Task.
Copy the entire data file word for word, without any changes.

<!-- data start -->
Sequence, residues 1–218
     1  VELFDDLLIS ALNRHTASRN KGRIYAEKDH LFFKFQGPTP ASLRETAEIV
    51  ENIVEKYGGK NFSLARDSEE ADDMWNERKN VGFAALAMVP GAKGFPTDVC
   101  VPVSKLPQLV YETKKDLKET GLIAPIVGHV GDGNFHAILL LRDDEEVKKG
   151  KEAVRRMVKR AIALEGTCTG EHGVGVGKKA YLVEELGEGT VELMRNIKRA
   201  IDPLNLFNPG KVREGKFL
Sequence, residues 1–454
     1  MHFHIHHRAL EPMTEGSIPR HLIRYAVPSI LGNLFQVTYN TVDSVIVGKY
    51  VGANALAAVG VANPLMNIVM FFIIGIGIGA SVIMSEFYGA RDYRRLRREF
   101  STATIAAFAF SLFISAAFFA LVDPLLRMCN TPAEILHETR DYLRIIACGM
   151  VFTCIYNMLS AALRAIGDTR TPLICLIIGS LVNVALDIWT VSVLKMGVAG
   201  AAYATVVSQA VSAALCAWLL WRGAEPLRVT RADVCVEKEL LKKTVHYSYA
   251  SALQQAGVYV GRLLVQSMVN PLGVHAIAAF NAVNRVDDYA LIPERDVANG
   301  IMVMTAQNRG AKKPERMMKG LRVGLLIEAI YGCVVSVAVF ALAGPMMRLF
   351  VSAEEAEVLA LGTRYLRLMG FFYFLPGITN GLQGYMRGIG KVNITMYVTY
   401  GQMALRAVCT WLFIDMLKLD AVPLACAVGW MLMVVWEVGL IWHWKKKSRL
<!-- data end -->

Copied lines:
Sequence, residues 1–218
     1  VELFDDLLIS ALNRHTASRN KGRIYAEKDH LFFKFQGPTP ASLRETAEIV
    51  ENIVEKYGGK NFSLARDSEE ADDMWNERKN VGFAALAMVP GAKGFPTDVC
   101  VPVSKLPQLV YETKKDLKET GLIAPIVGHV GDGNFHAILL LRDDEEVKKG
   151  KEAVRRMVKR AIALEGTCTG EHGVGVGKKA YLVEELGEGT VELMRNIKRA
   201  IDPLNLFNPG KVREGKFL
Sequence, residues 1–454
     1  MHFHIHHRAL EPMTEGSIPR HLIRYAVPSI LGNLFQVTYN TVDSVIVGKY
    51  VGANALAAVG VANPLMNIVM FFIIGIGIGA SVIMSEFYGA RDYRRLRREF
   101  STATIAAFAF SLFISAAFFA LVDPLLRMCN TPAEILHETR DYLRIIACGM
   151  VFTCIYNMLS AALRAIGDTR TPLICLIIGS LVNVALDIWT VSVLKMGVAG
   201  AAYATVVSQA VSAALCAWLL WRGAEPLRVT RADVCVEKEL LKKTVHYSYA
   251  SALQQAGVYV GRLLVQSMVN PLGVHAIAAF NAVNRVDDYA LIPERDVANG
   301  IMVMTAQNRG AKKPERMMKG LRVGLLIEAI YGCVVSVAVF ALAGPMMRLF
   351  VSAEEAEVLA LGTRYLRLMG FFYFLPGITN GLQGYMRGIG KVNITMYVTY
   401  GQMALRAVCT WLFIDMLKLD AVPLACAVGW MLMVVWEVGL IWHWKKKSRL